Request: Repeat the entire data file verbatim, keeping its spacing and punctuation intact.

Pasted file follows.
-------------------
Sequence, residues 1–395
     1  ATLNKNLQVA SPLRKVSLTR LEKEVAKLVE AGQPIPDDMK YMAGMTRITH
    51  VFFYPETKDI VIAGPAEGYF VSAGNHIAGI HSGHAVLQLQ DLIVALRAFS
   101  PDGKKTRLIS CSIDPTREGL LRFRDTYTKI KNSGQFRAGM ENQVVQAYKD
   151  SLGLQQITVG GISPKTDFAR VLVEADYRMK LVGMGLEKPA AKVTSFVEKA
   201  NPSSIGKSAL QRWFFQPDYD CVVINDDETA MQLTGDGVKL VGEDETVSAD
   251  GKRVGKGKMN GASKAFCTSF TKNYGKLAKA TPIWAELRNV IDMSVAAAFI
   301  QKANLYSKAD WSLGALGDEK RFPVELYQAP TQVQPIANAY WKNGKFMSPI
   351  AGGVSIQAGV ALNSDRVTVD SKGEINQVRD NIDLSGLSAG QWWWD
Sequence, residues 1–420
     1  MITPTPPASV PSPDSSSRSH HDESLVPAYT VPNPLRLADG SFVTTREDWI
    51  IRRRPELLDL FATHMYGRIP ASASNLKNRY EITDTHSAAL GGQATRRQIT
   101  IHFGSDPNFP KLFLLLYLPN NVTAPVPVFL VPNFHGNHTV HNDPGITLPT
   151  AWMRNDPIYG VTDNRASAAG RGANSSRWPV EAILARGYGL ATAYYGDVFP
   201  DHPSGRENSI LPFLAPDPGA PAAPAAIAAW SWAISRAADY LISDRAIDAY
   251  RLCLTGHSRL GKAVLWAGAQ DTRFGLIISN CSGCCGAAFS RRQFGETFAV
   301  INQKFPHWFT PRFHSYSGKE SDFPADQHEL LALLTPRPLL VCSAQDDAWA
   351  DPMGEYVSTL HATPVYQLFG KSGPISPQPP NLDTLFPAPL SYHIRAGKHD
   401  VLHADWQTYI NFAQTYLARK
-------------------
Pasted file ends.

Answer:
Sequence, residues 1–395
     1  ATLNKNLQVA SPLRKVSLTR LEKEVAKLVE AGQPIPDDMK YMAGMTRITH
    51  VFFYPETKDI VIAGPAEGYF VSAGNHIAGI HSGHAVLQLQ DLIVALRAFS
   101  PDGKKTRLIS CSIDPTREGL LRFRDTYTKI KNSGQFRAGM ENQVVQAYKD
   151  SLGLQQITVG GISPKTDFAR VLVEADYRMK LVGMGLEKPA AKVTSFVEKA
   201  NPSSIGKSAL QRWFFQPDYD CVVINDDETA MQLTGDGVKL VGEDETVSAD
   251  GKRVGKGKMN GASKAFCTSF TKNYGKLAKA TPIWAELRNV IDMSVAAAFI
   301  QKANLYSKAD WSLGALGDEK RFPVELYQAP TQVQPIANAY WKNGKFMSPI
   351  AGGVSIQAGV ALNSDRVTVD SKGEINQVRD NIDLSGLSAG QWWWD
Sequence, residues 1–420
     1  MITPTPPASV PSPDSSSRSH HDESLVPAYT VPNPLRLADG SFVTTREDWI
    51  IRRRPELLDL FATHMYGRIP ASASNLKNRY EITDTHSAAL GGQATRRQIT
   101  IHFGSDPNFP KLFLLLYLPN NVTAPVPVFL VPNFHGNHTV HNDPGITLPT
   151  AWMRNDPIYG VTDNRASAAG RGANSSRWPV EAILARGYGL ATAYYGDVFP
   201  DHPSGRENSI LPFLAPDPGA PAAPAAIAAW SWAISRAADY LISDRAIDAY
   251  RLCLTGHSRL GKAVLWAGAQ DTRFGLIISN CSGCCGAAFS RRQFGETFAV
   301  INQKFPHWFT PRFHSYSGKE SDFPADQHEL LALLTPRPLL VCSAQDDAWA
   351  DPMGEYVSTL HATPVYQLFG KSGPISPQPP NLDTLFPAPL SYHIRAGKHD
   401  VLHADWQTYI NFAQTYLARK